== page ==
Ehrlich launches push for slots bill

E-mail urges supporters to contact legislators

`All-out ... lobbying campaign'

February 22, 2003|By Michael Dresser and Tim Craig | Michael Dresser and Tim Craig,SUN STAFF

Gov. Robert L. Ehrlich Jr. has cranked up his political operation to push his proposal to install slot machines at Maryland racetracks, urging thousands of supporters to press their legislators to vote for his plan for expanded gambling.

About 10,000 Marylanders on the Ehrlich campaign committee's electronic-mail list received a message Thursday night urging them to "help Governor Ehrlich hold the line on taxes."

The governor's chief spokesman, Paul E. Schurick, called the message the beginning of an "all-out comprehensive lobbying campaign" for passage of a bill that he called "the administration's top legislative priority."

FOR THE RECORD - An article in yesterday's editions of The Sun misidentified the speechwriter for Gov. Robert L. Ehrlich Jr. who wrote an e-mail message seeking support for the governor's plan to install slot machines at racetracks. His name is Richard Cross, not Richard Story.
The Sun regrets the error.

The two-page Internet message bearing the copyright of the Ehrlich for Maryland Committee urges supporters to tell lawmakers that "the only way to balance the budget without huge tax increases or devastating budget cuts is to approve Governor Ehrlich's VLT [video lottery terminal] proposal."

Video lottery terminal is the technical term used to describe the modern electronic versions of slot machines. The Ehrlich message entirely avoids the use of the terms "slot machines" or "slots" - calling them VLTs.

The Ehrlich administration is marshaling the sophisticated communications apparatus it developed in last year's campaign to bring pressure to bear in what is widely viewed as a must-win battle for the governor.

A woman who answered the phone at the Ehrlich campaign committee office said she didn't know anything about the e-mail, which carried the disclaimer that it was "not produced or distributed at taxpayer expense." She referred inquiries to the governor's press office.

Ehrlich spokeswoman Shareese N. DeLeaver said the message was composed by Richard Story, a speechwriter on the governor's staff, on his own time and his own home computer.

State employees are permitted to do campaign-related work as long as they don't do so on the job or using government equipment.

Schurick said that on Thursday the governor's press office, policy office and legislative office met to plan their lobbying effort. He declined to say what the administration plans next, saying it will become apparent in the week ahead.

"We have a very thorough and well-thought-out lobbying campaign," he said.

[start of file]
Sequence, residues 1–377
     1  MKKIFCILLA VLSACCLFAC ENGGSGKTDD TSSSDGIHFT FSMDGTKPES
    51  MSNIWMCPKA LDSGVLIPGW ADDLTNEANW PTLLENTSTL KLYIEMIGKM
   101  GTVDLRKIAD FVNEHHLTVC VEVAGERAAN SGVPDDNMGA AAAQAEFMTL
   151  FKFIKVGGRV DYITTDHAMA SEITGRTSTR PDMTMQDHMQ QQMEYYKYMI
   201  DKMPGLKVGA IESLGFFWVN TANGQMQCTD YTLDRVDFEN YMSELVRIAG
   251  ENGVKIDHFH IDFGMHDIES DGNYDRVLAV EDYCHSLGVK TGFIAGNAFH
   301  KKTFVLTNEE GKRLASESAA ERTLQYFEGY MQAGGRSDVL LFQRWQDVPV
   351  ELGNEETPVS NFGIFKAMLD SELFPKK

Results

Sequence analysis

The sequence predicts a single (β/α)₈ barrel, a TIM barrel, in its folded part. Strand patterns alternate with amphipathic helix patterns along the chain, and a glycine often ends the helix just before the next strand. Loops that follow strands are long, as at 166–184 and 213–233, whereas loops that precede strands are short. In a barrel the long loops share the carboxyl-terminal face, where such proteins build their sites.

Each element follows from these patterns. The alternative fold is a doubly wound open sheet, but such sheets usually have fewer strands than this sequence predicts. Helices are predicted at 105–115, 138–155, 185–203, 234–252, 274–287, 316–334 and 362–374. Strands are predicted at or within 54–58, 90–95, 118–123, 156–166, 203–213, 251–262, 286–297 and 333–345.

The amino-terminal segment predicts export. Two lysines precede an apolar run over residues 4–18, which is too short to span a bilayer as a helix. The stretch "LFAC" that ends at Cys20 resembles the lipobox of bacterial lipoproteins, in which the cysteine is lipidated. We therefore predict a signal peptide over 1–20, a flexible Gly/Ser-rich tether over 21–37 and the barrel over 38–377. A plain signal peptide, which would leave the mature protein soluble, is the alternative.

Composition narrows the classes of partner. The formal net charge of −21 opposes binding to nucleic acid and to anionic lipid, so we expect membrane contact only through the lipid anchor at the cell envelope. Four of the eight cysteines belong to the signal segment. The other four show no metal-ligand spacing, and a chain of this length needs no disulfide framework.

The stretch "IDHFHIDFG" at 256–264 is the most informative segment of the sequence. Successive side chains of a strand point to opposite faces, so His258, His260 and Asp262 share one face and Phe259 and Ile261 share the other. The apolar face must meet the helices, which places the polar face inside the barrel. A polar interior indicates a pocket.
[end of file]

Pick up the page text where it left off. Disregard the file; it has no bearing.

Schurick said the campaign will involve outreach to a variety of interest groups, including the Maryland Chamber of Commerce, the Farm Bureau, tourism officials, business leaders and the Maryland State Teachers Association.

"The Maryland State Teachers Association has a lot to gain and a lot to lose," Schurick said, referring to the state's need for money to finance a new education funding formula.

Senate President Thomas V. Mike Miller, a Democratic ally of the governor on the slots issue, said Ehrlich's use of his campaign network to win legislative support was "good politics."

"Hopefully, they'll be contacting Republicans and Democrats," Miller said of Ehrlich workers.

The e-mail message did not meet with the unanimous approval of its recipients.

Kim Roman, a registered Republican who co-chairs the anti-gambling group NocasiNO-Maryland, replied with a message that Ehrlich should "retract this alert and tell the truth."

Roman took issue with the Ehrlich committee's message that "Governor Ehrlich promised to bring principled, accountable leadership to Annapolis. By eschewing old tax-and-spend solutions in favor of a new direction, he is honoring his commitment."

"What exactly is so principled about Ehrlich selling out to the gambling industry?" said Roman, predicting an increase in suicide, crime and abuse of children and spouses if gambling expands in Maryland.

The communications effort comes as the administration is considering revisions to its original slot machines bill, which allocated 64 percent of gambling proceeds to education.

Ehrlich aides were awaiting the results of accounting company KPMG LLP's analysis of the bill, which was criticized as unworkable by the horse racing industry.

KPMG, which was awarded the analysis contract this week, drew criticism yesterday from NocasiNO.

The anti-gambling group issued a press release calling for the immediate termination of the contract. The organization noted that the Securities and Exchange Commission charged KPMG with a $3 billion securities fraud last month over its auditing of Xerox Corp.

DeLeaver, Ehrlich's spokewoman, dismissed the group's demand as "ridiculous."

Baltimore Sun Articles
Please note the green-lined linked article text has been applied commercially without any involvement from our newsroom editors, reporters or any other editorial staff.